Hot on the heels of his Confront solo album, alto saxophonist Martin Küchen is back in action on this rugged set of duets with guitarist David Stackenäs. By way of accompaniment, the booklet and tray are adorned with old photographs from the Küchen and Stackenäs family archives, one showing an elderly gentleman with a set of headphones clamped tightly to his head. His expression is hard to read – a faint smile, but there's maybe a slight twinge of pain there too. From the look of the machine he's plugged into, he's not listening to Agape, but you should be, as it's a splendidly recorded and executed set of sensitive and patient investigations into the world of extended instrumental techniques. That said, it's a world we're becoming increasingly familiar with: a quarter of a century ago the old cliché went that you could tell where an improviser came from just by listening to his / her music (you remember, English "insect music", German balls and bluster, Dutch pottiness and all that). If that was ever the case, and I have my doubts, it isn't anymore. Musicians all over the world – Berlin, Boston, Barcelona, Zürich, Tokyo, Paris, Lisbon, Vienna and London – are exploring the same territory as Küchen and Stackenäs here. In one sense this is rather gratifying, as it testifies to the emergence of a network of musicians who are, thanks to new technology as much as to the efforts of labels like Creative Sources, in regular contact and creating opportunities to play and record together. On the other hand, it does seem that a clearly defined set of rules has emerged. High speed action "gabby" (to quote Malfatti) improv is generally avoided, consensus has replaced conflict, regular repeating rhythms are frowned upon and any sense of pitch play remotely related to tonal centres sounds as rare and surprising today as a breathy multiphonic or spitty gurgle would have done back in 1960. Stackenäs and Küchen are versatile players who have made strong statements in other musical idioms, and yet for Agape it's as if they've deliberately restricted the vocabulary to standard 2005 post-reductionism. I like to think that in the near future this generation of free improvisers will feel comfortable enough to welcome words and idioms from other languages once again, but that's because I happen to believe that improvisation isn't only about making beautiful wheels – it's also about sticking spokes into them and seeing what happens. Dan Warburton (Paris Transatlantic)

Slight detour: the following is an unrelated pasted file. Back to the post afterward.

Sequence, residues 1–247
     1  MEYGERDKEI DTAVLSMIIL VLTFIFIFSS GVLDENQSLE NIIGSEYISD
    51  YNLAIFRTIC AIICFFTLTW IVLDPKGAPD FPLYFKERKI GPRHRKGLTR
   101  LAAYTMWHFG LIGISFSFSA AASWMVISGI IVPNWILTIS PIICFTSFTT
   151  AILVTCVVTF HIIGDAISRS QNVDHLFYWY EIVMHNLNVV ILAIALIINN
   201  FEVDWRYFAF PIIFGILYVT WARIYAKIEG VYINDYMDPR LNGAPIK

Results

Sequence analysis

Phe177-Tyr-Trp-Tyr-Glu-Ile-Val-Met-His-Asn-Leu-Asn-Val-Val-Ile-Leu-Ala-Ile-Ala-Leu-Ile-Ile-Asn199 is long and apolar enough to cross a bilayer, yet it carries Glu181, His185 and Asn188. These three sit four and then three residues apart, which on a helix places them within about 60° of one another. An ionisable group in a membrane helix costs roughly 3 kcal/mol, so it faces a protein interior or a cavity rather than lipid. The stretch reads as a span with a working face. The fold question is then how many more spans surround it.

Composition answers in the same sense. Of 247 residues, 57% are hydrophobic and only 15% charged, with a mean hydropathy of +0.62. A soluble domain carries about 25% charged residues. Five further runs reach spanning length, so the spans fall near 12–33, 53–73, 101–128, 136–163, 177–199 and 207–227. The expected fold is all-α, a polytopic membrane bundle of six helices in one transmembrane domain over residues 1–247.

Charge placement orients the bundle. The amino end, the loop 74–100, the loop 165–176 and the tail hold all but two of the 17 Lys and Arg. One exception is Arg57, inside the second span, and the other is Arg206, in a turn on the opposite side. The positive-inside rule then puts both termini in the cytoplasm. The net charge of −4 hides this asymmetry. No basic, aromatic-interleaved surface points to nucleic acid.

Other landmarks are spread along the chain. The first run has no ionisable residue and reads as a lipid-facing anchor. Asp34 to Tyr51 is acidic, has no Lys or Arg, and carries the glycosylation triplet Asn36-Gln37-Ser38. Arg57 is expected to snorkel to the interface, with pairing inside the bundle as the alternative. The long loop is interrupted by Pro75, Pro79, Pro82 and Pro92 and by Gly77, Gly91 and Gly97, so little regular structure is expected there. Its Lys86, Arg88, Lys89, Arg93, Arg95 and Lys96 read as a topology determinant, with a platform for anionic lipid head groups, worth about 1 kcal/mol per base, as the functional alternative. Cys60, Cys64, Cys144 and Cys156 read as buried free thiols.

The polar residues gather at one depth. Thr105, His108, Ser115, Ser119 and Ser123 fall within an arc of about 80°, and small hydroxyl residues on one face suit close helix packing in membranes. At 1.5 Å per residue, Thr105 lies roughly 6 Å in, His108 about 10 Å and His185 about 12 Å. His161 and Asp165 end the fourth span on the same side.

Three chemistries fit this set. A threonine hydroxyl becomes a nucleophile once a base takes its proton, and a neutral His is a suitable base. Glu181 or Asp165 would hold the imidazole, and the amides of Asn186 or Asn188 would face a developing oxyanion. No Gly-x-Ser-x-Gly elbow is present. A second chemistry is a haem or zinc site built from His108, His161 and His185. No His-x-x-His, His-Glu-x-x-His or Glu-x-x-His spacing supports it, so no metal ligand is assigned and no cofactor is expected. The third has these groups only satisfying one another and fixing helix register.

Martin Küchen i David Stackenäs od jakiegos czasu zaliczani sa do czolowki wspolczesnych skandynawskich improwizatorow. Pierwszy z nich to uznany, wszechstronny saksofonista o dosc duzym dorobku, muzyk grajacy z rownym powodzeniem jazz – tu zwrocic nalezaloby uwage na kwartet Exploding Customer – jak i roznorodne formy free improv – ze wszech miar godne polecenia sa nagrania formacji Looper, UNSK, Cloudchamber. Stackenäs zas to intrygujacy, niekonwencjonalny gitarzysta, ktorego muzyka zdecydowanie zbyt rzadko udokumentowana zostaje p_ytami. Na szczescie „Agape” nieco te smutna statystyke poprawia...